MaaS platforms have had to take all these modifications into account, adjusting to them by including a series of measures. At Meep, for example, apart from making the safety commuting recommendations accessible to everyone, we are ensuring that our community receives all the information needed to maintain the necessary social distance with regards to other passengers.
The latest mobility trend, autonomous vehicles: how are they connected to MaaS?
You have probably heard about the recent development of autonomous vehicles, one of the most disruptive technologies currently creating a huge impact in the mobility system. These vehicles rely on sensors, actuators, complex algorithms, machine learning systems and other sophisticated technologies to be able to go anywhere a common car could go, and react as a human experienced driver would in different situations. SAE International defines six levels of autonomy to classify these vehicles, due to the multitude of players in the space, that have created the need for a system of classification.
But how will this mind blowing technology affect Mobility as a Service systems? Autonomous vehicles will undoubtedly play a significant role in the evolution from the already digitalised and connected mobility ecosystem to a world where transport on demand is a daily reality for users, who will be able to count on autonomous vehicles for their displacements. They will start becoming a part of the MaaS model, covering some of the citizen’s essential displacement needs, and they might be the main reason that the ownership model will shift from one-car-one-user to one-car-multiple users, evolving from the current car ownership model to a Maas model.
As a matter of fact, some cities are already deploying autonomous vehicles to cover the last mile issue. For instance, the public transport operator (TPF) from Fribourg in Switzerland has launched an autonomous shuttle service that connects the city’s public transit system with the Marly Innovation Center, with the aim of transporting citizens to their working place and providing them with the service they need in this last kilometre.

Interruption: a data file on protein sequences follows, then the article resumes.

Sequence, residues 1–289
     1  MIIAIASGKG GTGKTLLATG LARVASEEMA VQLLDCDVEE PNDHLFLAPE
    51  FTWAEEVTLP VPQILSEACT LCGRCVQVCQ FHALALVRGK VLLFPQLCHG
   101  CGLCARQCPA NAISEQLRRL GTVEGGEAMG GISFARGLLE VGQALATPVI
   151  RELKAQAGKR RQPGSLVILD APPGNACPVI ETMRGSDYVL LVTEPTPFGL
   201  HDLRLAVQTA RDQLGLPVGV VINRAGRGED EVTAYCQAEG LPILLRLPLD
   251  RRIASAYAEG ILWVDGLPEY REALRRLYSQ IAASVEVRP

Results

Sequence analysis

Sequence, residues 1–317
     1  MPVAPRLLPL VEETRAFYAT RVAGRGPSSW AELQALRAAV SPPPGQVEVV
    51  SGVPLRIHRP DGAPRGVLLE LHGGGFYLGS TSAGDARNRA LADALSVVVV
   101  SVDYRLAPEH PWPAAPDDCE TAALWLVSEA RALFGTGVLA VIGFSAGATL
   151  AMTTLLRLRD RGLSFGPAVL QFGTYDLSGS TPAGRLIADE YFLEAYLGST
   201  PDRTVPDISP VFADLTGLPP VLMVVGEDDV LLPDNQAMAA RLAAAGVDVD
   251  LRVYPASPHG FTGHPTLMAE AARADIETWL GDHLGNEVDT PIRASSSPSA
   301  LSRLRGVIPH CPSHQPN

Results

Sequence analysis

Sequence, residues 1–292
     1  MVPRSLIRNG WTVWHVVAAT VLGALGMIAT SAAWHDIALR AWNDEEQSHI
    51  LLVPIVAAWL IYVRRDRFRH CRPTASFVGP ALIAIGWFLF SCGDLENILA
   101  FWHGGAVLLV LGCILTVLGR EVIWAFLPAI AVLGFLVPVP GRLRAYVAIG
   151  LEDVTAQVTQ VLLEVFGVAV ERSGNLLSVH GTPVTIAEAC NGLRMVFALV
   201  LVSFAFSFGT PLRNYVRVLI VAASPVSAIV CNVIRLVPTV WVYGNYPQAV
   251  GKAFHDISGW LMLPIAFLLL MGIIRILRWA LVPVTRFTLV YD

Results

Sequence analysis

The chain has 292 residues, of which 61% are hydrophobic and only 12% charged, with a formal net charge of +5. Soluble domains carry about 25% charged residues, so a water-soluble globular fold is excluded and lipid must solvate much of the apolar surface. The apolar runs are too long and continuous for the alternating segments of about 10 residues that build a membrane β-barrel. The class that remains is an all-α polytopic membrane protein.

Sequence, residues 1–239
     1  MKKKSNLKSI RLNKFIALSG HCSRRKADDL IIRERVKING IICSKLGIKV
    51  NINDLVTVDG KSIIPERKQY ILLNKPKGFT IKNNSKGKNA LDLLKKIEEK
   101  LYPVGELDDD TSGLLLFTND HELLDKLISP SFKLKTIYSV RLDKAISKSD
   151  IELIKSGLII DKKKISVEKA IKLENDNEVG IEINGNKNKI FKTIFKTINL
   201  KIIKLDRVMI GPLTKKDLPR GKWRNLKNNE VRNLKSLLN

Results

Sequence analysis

Cities will benefit incredibly from these autonomous vehicles, that are projected to help to save millions of lives globally, eliminate congestion, reduce emissions and allow us to rebuild cities around people and not cars. However, we still have to go through a transition period, where the mobility ecosystem as we know it right now will coexist with this new revolutionary technology, that will gradually gain ground towards a more efficient mobility environment.
One of the biggest steps forward in this area has been Intel’s recent purchase of Moovit public transit application, demonstrating how this industry is generating great interest and its future potential growth. The company had already acquired Mobileye in 2017, a company characterised by its autonomous vehicle technology aiming to make roads safer and reduce congestion in cities. According to IDTechEx research and taking into consideration the additional revenue from autonomous mobility services, the total market value for autonomous cars and robotaxis could reach 2.5$ trillion per year by 2040. Autonomy-enabled MaaS will rapidly expand in the upcoming decades while it gradually replaces car ownership.
Additionally, MaaS platforms will not only incorporate advanced technology autonomous vehicles among their services. The aim is to improve the quality of user’s lives, and this will only happen if these platforms connect citizens to other sources of information on top of transport. For example, a user might find really helpful to know where the cheapest coffee place is on a way to a meeting or where the nearest supermarket is to buy food before entering the cinema. This will constitute the next big step forward to reach even higher levels of personalisation, where the generation of an infrastructure that allows the deployment of digital solutions such as MaaS will be needed.
Mobility as a Service: a way of adding value to people’s lives
As Sonja Heikkilä (one of the leading global MaaS leaders on Mobility as a Service) said:
‘‘We have to think of mobility as something that would add value to our lives instead of taking a lot of time and effort.’’
Broad-minded businesses are seeing these ambiguous times as a real chance to reimagine a new value opportunity. The change of mindset towards products and experiences that are available ‘as-a-service’ is happening, and MaaS has the potential to address today’s mobility weaknesses. We are living a unique moment of evolution not only towards a new normality in life, but also towards a new and resilient mobility that will be impulsed by MaaS. The theory is already out there, and we are gradually paving the way towards an even more substantial innovation in MaaS, where the system will adopt autonomous vehicles as part of it to achieve even higher levels of connection and adaptability. At Meep we are truly impatient to see this becoming real in the upcoming years!
Digital Communication Specialist en Meep